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sgrep (sorted grep)


Sgrep (sorted grep) searches sorted input files for lines that match a search key and outputs the matching lines. When searching large files sgrep is much faster than traditional Unix grep, but with significant restrictions.

  • All input files must be sorted regular files.
  • The sort key must start at the beginning of the line.
  • The search key matches only at the beginning of the line.
  • No regular expression support.

Sgrep uses a binary search algorithm, which is very fast, but requires sorted input. Each iteration of the search eliminates half of the remaining input. In other words, doubling the size of the file adds just one iteration.


sgrep [ -i | -n ] [ -c ] [ -b ] [ -r ] [ -- ] key [ sorted_file ... ]

Command Arguments

-i (or -f)
By default sgrep uses exact byte comparison. The -i flag (or -f) causes sgrep to use case insensitive byte comparison. For example aa matches AA or aA, etc. The input file must be sorted with sort -f.
The -n flag causes sgrep to use numeric comparison. The input file must be sorted with sort -n. Each line of the file should begin with optional white space and a numeric text string such as 055 or -27 or 73.57. Sgrep compares the floating point value of the numeric string with the floating point value of the search key. For example, the search key 10 matches 10.0, 010, 010.00, etc. Non numeric text strings have the value zero. The numeric search key may optionally be followed by a colon and a second number, which specifies a range for the key, such as 10.0:10.999.
The -b flag causes sgrep to ignore leading white space at the beginning of a line and at the beginning of the search key. The input file must be sorted with sort -b.
By default sgrep outputs all lines where the search key matches the beginning of the line. The -c flag causes sgrep to output the number of matching lines.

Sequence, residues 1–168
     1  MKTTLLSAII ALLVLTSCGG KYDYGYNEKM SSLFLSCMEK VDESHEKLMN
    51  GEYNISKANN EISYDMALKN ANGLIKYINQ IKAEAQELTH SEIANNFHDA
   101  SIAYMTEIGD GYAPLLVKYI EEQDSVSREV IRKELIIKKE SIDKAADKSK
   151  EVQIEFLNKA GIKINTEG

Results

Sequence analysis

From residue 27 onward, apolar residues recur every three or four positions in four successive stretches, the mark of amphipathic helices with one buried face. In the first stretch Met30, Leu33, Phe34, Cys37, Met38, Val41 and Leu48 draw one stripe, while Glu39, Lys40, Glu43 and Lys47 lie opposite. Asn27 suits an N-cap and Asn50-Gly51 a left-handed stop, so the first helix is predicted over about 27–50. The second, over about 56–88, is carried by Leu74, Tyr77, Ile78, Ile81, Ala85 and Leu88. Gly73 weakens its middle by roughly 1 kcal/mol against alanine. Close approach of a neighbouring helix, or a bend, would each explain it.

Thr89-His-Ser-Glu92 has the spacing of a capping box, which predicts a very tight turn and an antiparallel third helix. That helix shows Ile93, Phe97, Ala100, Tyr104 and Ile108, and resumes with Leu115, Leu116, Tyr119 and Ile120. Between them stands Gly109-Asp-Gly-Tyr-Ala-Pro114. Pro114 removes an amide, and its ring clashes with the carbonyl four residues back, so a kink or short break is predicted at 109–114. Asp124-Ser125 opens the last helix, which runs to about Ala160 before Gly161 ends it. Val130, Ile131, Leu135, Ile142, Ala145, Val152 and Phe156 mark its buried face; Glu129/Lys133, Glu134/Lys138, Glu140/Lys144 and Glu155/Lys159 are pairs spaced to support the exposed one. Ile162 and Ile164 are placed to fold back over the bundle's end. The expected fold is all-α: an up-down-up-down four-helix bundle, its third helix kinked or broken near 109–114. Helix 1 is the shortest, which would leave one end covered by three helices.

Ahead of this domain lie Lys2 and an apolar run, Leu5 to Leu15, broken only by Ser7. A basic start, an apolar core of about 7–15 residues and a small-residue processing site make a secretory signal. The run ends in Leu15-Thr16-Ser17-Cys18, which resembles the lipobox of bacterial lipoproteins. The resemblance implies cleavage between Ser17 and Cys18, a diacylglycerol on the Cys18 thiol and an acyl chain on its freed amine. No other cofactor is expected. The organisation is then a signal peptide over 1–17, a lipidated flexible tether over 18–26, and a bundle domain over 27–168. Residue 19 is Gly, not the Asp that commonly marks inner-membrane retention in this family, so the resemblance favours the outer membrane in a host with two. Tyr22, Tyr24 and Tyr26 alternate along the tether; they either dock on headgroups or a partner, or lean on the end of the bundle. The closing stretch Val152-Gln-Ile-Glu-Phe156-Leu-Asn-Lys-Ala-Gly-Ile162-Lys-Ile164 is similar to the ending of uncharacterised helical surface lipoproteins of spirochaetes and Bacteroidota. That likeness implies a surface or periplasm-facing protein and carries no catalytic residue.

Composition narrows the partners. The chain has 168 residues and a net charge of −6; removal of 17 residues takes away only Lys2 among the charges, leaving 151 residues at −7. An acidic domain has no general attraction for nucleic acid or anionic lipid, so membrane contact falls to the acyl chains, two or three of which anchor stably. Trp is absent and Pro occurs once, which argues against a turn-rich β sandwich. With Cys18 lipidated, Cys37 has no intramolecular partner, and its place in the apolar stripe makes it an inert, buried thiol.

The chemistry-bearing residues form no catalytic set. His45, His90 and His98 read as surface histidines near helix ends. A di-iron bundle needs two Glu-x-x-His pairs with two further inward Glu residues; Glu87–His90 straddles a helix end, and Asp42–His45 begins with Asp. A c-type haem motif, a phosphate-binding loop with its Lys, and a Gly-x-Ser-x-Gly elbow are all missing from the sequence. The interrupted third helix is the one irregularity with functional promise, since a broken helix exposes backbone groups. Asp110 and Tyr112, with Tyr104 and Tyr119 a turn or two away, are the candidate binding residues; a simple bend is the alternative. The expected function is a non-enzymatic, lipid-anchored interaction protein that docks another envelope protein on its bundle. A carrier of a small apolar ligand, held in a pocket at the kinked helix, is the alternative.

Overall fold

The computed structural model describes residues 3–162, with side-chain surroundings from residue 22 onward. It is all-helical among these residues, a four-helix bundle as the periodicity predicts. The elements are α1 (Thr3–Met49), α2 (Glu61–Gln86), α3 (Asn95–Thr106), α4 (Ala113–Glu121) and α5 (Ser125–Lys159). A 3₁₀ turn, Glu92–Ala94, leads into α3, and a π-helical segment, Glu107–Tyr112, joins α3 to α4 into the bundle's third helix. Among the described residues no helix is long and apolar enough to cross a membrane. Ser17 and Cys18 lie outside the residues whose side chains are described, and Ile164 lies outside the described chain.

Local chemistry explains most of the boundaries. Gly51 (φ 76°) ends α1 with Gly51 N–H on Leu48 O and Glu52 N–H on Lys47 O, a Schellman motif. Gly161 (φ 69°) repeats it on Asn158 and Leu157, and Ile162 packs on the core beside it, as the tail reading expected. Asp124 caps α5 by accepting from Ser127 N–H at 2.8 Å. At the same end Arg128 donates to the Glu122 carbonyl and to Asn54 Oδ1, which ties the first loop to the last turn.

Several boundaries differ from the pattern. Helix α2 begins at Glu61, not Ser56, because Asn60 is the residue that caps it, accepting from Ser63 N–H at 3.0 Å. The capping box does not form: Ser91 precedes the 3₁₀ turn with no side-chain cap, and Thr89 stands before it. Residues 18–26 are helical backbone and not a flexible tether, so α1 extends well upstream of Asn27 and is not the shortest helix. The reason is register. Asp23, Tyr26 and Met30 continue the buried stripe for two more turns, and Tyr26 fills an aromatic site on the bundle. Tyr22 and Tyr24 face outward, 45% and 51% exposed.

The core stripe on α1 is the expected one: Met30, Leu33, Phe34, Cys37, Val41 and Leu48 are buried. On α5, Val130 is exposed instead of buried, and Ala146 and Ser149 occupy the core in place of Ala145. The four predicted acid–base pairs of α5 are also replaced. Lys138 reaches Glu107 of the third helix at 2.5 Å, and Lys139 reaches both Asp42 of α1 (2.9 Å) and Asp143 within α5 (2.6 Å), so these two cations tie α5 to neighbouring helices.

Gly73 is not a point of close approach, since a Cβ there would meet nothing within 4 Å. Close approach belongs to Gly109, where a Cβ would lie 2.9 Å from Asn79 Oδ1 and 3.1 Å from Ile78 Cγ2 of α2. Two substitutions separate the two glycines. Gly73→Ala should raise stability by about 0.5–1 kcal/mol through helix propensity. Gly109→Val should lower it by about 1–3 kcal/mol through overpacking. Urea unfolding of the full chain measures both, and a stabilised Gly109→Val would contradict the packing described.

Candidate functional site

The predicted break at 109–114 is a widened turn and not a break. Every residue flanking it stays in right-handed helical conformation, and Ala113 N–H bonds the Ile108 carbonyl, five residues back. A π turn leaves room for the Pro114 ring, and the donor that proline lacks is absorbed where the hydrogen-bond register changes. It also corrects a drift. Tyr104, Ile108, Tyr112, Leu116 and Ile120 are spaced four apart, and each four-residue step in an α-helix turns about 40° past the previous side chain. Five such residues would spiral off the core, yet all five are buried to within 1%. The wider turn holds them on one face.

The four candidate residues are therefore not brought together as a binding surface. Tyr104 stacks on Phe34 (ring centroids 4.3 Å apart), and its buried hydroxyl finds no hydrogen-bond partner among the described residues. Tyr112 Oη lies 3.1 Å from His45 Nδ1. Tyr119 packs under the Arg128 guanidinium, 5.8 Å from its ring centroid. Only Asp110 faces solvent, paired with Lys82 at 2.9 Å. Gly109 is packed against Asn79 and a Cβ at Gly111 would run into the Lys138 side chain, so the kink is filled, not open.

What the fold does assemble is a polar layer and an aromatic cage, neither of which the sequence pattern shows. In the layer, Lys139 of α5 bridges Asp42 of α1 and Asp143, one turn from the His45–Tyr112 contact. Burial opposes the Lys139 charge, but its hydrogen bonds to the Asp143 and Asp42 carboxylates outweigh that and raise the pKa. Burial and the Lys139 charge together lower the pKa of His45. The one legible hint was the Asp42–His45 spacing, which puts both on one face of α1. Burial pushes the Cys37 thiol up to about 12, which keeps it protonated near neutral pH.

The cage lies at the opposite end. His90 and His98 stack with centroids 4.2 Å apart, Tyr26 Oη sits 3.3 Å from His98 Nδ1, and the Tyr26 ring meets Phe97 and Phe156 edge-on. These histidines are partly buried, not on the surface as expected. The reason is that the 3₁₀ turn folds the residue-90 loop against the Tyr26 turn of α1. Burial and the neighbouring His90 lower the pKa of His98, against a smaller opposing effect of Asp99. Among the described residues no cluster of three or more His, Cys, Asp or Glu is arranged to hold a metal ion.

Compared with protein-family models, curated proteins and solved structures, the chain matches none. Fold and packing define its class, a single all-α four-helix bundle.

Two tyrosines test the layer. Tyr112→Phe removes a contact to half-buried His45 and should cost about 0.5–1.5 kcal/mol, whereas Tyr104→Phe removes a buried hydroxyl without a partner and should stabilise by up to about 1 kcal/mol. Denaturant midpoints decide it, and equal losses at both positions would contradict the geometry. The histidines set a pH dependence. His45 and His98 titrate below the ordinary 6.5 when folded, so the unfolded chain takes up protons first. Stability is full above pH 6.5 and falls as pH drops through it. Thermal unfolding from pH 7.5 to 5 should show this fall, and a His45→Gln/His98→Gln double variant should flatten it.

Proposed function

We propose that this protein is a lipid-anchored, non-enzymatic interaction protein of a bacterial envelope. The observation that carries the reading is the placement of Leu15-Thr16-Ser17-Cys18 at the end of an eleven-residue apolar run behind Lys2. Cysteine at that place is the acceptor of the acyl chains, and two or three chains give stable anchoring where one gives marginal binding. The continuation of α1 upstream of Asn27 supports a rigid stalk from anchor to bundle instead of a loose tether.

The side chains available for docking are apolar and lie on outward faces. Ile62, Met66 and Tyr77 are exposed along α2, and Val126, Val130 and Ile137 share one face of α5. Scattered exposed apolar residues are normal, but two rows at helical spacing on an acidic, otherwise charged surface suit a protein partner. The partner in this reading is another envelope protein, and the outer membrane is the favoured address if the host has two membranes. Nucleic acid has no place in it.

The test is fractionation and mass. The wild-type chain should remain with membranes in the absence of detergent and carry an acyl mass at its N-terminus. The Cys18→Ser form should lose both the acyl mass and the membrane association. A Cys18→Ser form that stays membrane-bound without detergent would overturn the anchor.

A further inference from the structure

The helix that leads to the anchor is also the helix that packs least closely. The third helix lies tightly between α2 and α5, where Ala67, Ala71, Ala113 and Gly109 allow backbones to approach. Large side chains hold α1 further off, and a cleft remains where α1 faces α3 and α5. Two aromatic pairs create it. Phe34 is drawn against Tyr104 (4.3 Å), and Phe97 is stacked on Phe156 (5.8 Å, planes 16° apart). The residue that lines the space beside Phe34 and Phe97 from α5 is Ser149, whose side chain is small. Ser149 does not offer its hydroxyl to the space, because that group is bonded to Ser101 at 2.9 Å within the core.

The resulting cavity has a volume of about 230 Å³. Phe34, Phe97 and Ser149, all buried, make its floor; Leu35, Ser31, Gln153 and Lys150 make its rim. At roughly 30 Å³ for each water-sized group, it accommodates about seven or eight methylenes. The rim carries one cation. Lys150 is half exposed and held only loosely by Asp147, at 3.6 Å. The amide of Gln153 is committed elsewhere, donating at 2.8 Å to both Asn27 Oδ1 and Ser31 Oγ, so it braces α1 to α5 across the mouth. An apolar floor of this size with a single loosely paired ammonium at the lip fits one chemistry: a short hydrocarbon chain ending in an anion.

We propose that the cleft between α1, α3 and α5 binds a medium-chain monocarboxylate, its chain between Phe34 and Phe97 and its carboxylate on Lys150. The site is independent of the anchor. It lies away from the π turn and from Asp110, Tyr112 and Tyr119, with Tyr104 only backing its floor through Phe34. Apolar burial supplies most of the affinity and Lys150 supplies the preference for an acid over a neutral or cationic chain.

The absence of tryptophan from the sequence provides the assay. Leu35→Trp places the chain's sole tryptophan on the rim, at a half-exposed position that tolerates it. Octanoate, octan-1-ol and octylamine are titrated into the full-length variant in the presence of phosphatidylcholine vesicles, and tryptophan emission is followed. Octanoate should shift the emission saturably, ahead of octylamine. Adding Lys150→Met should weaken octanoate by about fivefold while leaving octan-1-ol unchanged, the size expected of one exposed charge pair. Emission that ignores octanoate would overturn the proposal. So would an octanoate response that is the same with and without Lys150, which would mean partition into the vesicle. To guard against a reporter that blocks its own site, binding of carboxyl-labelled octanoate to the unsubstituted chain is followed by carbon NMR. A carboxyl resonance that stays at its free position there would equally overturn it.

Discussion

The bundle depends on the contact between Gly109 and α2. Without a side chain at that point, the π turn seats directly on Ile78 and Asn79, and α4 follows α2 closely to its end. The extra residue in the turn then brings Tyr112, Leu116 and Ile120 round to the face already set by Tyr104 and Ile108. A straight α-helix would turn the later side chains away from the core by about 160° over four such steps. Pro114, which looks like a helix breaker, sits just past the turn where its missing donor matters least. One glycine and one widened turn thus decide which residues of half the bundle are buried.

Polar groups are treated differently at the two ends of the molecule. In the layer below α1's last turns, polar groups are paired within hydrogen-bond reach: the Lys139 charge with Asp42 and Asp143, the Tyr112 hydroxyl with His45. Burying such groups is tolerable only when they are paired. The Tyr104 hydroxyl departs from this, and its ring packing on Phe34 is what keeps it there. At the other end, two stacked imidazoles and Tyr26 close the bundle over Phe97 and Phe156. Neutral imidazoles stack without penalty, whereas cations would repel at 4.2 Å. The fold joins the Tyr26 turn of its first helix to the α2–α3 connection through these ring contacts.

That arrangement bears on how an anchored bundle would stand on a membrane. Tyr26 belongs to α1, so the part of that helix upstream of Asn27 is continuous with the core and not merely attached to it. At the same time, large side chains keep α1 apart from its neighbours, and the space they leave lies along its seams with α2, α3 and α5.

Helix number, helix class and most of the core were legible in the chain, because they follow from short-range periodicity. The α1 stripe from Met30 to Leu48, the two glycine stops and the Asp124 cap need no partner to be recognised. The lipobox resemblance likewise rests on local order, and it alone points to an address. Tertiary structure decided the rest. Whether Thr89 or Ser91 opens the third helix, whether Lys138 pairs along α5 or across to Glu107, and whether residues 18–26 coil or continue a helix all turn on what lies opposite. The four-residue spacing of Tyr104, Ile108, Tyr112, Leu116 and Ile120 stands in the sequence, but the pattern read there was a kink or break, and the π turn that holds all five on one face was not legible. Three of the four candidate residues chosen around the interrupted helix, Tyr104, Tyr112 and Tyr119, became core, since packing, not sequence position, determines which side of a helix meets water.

The -r flag specifies that the input file is sorted in reverse (descending) order using sort -r.
The -- flag terminates the option flags and the next argument is used as the search key. You need to use -- if the search key begins with -, such as sgrep -n -- -25 file

If no input files are specified, then sgrep uses stdin which must be a sorted regular file. You cannot pipe into sgrep.

Locale Issues

Sgrep compares bytes using the native hardware byte order, so the file must be sorted accordingly. You should set the environment variable LC_ALL to C before running sort or sgrep. For example,

export LC_ALL=C
sort -o sorted unsorted
sgrep key sorted


Sgrep offers negligible speed improvement over traditional grep on files smaller than 100 KBytes, is measurably faster on files larger than a few MBytes, and is dramatically faster on files larger than 1 GByte.

Sgrep searches large sorted files very efficiently. But the overhead of sorting a very large file is considerable, so sgrep is most useful in situations where many searches are performed on the same file.

Some files, such as system logs, are naturally output in chronological order. If the date is output at the beginning of the line in a format such as YYYY/MM/DD:hh:mm:ss, then the file is already sorted and suitable for quick search by date using sgrep.


Stephen C. Losen, University of Virginia